I was thinking about yesterday's entry, and when I stated that one should present one's beliefs and explain the reasons for holding them at an appropriate time to people who are willing to listen, I got the idea into my head that I should maybe write entries on what I believe in my journal - and I don't just mean on religion, but on a variety of topics. After all, I believe this is an appropriate place to do so, and only the willing are going to read.
However, that got me to a spot where I've been for a few months. I've been wanting to explore what's out there and make sure, once and for all, that what I believe is absolute truth. I've been meaning to work from the ground up, building up a system that I can say is truth, creating logical extensions and the like. Basically, totally reconstruct my belief system. However, that's rather difficult, especially as there are so many religions and theories in the world, and I simply don't know if I have the time or resources to pursue such a study. Also, I would be going into it with biases no matter how hard I try to remove them, and I know that at times, I will be merely trying to prove my beliefs rather than prove truth.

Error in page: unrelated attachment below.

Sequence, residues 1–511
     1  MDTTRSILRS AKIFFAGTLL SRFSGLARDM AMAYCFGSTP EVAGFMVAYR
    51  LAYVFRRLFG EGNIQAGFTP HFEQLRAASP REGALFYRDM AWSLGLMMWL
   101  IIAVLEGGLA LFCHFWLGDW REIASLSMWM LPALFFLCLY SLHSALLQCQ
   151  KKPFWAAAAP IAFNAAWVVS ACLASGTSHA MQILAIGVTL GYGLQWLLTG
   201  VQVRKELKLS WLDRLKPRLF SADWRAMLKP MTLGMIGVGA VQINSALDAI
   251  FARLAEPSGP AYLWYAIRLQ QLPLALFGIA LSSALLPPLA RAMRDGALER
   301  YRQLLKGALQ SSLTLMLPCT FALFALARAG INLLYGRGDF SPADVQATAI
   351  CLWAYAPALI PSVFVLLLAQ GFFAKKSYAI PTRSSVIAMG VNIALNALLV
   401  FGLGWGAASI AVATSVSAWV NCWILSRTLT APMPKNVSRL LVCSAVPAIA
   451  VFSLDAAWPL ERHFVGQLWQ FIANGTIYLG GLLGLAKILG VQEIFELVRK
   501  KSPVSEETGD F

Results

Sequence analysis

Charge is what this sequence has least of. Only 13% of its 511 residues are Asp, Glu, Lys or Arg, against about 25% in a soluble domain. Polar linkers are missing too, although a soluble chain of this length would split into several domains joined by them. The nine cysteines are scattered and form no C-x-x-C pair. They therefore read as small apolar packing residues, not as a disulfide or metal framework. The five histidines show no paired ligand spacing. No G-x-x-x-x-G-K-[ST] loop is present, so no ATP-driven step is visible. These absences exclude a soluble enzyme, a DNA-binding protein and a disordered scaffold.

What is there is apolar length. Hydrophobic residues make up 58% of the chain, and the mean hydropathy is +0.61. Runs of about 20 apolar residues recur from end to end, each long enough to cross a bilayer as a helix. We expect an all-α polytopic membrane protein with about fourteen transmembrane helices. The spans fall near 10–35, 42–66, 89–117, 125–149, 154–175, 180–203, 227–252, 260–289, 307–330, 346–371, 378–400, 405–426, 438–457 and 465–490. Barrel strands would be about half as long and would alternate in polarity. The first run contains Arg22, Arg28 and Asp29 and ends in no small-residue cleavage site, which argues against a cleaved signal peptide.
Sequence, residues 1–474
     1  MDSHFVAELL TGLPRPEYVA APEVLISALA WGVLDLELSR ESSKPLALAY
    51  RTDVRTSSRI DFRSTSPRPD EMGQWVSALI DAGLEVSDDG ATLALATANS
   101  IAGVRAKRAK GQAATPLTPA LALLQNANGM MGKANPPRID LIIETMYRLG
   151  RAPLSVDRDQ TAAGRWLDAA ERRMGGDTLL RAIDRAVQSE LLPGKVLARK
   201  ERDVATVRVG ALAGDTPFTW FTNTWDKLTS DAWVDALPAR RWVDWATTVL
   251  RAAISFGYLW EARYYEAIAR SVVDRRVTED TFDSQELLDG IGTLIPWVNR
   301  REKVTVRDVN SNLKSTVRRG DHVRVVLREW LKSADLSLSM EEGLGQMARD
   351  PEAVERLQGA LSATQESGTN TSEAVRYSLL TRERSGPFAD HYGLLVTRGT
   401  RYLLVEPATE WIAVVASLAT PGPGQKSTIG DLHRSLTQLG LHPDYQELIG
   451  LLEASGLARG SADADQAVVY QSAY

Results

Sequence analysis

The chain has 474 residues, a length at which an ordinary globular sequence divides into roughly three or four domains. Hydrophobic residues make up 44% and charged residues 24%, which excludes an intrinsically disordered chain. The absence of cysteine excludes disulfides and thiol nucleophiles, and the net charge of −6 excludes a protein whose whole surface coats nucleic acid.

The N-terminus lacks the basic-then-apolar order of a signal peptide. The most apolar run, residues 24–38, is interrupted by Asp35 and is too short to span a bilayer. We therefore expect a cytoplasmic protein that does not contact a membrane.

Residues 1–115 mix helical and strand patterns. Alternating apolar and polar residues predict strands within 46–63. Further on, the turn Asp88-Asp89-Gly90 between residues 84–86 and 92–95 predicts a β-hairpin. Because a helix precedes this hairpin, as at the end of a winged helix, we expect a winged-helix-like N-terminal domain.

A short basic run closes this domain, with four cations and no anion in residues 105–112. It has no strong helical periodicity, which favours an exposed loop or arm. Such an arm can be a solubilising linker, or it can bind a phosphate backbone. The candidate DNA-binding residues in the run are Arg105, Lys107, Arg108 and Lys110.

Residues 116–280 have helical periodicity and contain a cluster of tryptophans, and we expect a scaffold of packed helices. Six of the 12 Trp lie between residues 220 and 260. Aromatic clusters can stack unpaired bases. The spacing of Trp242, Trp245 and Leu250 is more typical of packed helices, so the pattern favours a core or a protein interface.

That's when I got it into my head that I should actually take my beliefs and attempt to prove them. This, at first, seemed to be a cop-out to me: I'm just trying to make myself right. I'm not trying to find truth, but trying to prove what I believe is truth, whether or not it actually is. You see people do that a lot, people who want to keep their beliefs in spite of the realities and facts - for example, the types who just won't believe their idol can do anything wrong even when that idol is sitting in a prison cell - and they'll go to any lengths to keep those beliefs true in their mind. I thought more about what I would be doing, though, and I realised it wouldn't be that at all. What I would be doing is heading into a study of my own beliefs, looking to analyse them for truthfulness and accuracy. If, then, I reach the analysis that a particular belief is not true, then I can begin the search for what is true. Let's say my beliefs, at this moment in time, are 95% correct. What is the use of rebuilding the entire belief structure when 95% of it is perfectly fine and not in need of reconstruction? Why not try to find the 5% that is faulty and correct that?
So if, indeed, I choose to begin this quest to examine and explain my beliefs - and though I'd start at religion, I certainly would not end there - I think the first task is to discern what beliefs are true and what are not, rather than just starting outright reconstruction. I think it sounds like a good idea, but if anyone else has any better ideas, I'm most certainly eager to hear them.